Best known for turning out sharp-and-sexy dresses and separates at a cadence that mirrors fast fashion, but with a distinct aesthetic that sets it apart, the Los Angeles-based Reformation is not only vertically integrated, but it’s also a certified B Corp with an overall score of 100 (median is 55). Chief executive Yael Aflalo, who started Reformation after her experience designing a wholesale-reliant contemporary brand, has been prudent about raising money and expansion, with just five physical stores —four permanent, one temporary — and expansion into categories including bridal and swim.

Kendra Scott
Founded in 2002
Estimated Revenue: $225 million in 2016
Estimated Funding: Undisclosed (Minority investor is private equity firm Berkshire Partners)
Austin-based jewellery designer Kendra Scott famously started her business with $500 out of a second bedroom. But it’s her focus on customisation, an accessible price point (average basket size is $100) and an oh-so-specific retail strategy — most of her stores are in college towns, or in cities or neighbourhoods where the brand’s online sales are high — that have resulted in annual revenue of $150 million and a valuation north of $1 billion.

Warby Parker
Founded in 2010
Estimated Revenue: Undisclosed
Estimated Funding: $215 million with investors including First Round, General Catalyst and Menlo Ventures

A $1.2 billion valuation makes Warby Parker one of fashion’s only unicorns, and it also makes it a strong candidate for an IPO. But the eyewear brand’s retail strategy is admired by mature retailers and upstarts alike that are struggling to get the in-store experience right. This year, the company has plans to expand its retail footprint to more than 70 stores, using the data it culls online to better define its brick-and-mortar experience. “I don’t think retail is dead. Mediocre retail experiences are dead,” chief executive Neil Blumenthal — whose wife, Rachel Blumenthal, runs Rockets of Awesome — told the Wall Street Journal in January 2017.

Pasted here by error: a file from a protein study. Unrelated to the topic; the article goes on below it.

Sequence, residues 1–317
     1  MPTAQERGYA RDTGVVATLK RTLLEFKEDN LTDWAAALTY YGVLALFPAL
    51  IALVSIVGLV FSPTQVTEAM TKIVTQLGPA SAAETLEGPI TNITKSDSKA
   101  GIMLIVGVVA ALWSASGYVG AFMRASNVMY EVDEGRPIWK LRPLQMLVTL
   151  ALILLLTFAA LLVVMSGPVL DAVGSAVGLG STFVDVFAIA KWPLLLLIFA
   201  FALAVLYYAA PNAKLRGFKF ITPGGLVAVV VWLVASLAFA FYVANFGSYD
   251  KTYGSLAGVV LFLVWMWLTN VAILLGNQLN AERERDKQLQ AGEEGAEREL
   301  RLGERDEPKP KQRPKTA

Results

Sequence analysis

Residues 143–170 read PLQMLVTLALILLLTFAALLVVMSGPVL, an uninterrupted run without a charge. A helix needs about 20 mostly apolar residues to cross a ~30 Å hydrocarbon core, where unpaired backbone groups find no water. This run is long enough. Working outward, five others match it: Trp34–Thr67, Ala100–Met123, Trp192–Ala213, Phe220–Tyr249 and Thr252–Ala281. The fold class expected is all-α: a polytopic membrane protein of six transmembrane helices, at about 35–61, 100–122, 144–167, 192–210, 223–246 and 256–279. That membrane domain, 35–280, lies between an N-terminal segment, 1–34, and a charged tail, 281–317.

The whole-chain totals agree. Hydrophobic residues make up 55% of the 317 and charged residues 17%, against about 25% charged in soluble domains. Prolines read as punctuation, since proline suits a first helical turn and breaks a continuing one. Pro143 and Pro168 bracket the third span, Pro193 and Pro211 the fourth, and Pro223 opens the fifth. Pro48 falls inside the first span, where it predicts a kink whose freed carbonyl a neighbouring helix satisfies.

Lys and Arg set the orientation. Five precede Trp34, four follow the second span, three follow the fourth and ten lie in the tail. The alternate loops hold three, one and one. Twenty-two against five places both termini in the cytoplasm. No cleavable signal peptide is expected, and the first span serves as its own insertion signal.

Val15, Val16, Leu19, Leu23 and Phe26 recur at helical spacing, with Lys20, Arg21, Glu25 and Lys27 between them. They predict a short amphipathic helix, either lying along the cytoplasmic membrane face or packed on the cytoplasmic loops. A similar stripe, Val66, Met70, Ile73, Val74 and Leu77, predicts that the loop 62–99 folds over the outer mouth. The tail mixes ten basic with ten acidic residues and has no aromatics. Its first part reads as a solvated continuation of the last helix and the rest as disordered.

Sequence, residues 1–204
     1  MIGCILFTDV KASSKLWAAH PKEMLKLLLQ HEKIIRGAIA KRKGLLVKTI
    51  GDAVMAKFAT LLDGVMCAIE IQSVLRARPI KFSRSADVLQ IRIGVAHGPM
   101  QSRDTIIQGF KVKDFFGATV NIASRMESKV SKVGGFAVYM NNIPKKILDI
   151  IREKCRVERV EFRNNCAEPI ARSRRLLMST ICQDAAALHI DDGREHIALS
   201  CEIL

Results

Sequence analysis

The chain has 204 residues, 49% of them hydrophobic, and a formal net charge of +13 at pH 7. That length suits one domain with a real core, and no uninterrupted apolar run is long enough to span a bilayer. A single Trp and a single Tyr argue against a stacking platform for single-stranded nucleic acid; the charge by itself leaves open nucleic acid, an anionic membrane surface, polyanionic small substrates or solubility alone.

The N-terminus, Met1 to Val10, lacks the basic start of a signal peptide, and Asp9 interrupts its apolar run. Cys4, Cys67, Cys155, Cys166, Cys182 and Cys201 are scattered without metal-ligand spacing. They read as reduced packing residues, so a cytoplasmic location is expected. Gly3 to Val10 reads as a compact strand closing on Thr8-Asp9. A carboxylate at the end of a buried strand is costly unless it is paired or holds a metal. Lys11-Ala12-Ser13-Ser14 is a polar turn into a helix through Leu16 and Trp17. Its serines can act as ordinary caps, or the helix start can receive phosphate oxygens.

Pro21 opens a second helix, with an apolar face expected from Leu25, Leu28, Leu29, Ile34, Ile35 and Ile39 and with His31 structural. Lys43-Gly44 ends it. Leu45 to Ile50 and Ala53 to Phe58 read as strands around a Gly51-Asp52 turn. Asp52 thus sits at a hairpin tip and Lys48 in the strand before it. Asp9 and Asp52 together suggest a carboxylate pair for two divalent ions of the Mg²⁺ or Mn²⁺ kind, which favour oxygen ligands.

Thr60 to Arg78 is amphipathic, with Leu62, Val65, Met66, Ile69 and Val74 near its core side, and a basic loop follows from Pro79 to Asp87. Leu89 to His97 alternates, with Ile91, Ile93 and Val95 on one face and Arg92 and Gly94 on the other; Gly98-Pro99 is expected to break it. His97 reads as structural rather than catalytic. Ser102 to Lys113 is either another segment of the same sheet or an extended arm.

Outdoor Voices
Founded in 2013
Estimated Revenue: Undisclosed
Estimated Funding: Nearly $23 million with investors including 14W, Forerunner and Burch Creative Capital

While the bloated activewear market softens, this community-driven label continues to capture the fascination of brands that operate far outside the category, collaborating with the likes of APC (whose founder, Jean Touitou, is also an investor), and plans to open four more stores in 2017 in addition to the four stores it already operates. “Being nimble is the one thing that we have prioritised,” Haney told BoF in 2016. “We are very quick to respond and I think the fashion industry has lost that.”


The Business of Fashion Touches Down in Los Angeles

In celebration of our latest special print edition examining the business of fashion in America, BoF gathered together the designers, creative leaders and entrepreneurs turning Los Angeles into a fashion and culture epicentre.


LOS ANGELES, United States — “There are more creative people here than in any place at any time at any time in the history of human beings,” said Los Angeles County Museum of Art director Michael Govan in a toast at a dinner celebrating The Business of Fashion’s latest print issue, “America,” at the museum’s Ray’s and Stark Bar, co-hosted with his wife Katherine Ross and BoF founder and chief executive Imran Amed. “This is a very special time and place and that’s represented by so many people I know here.”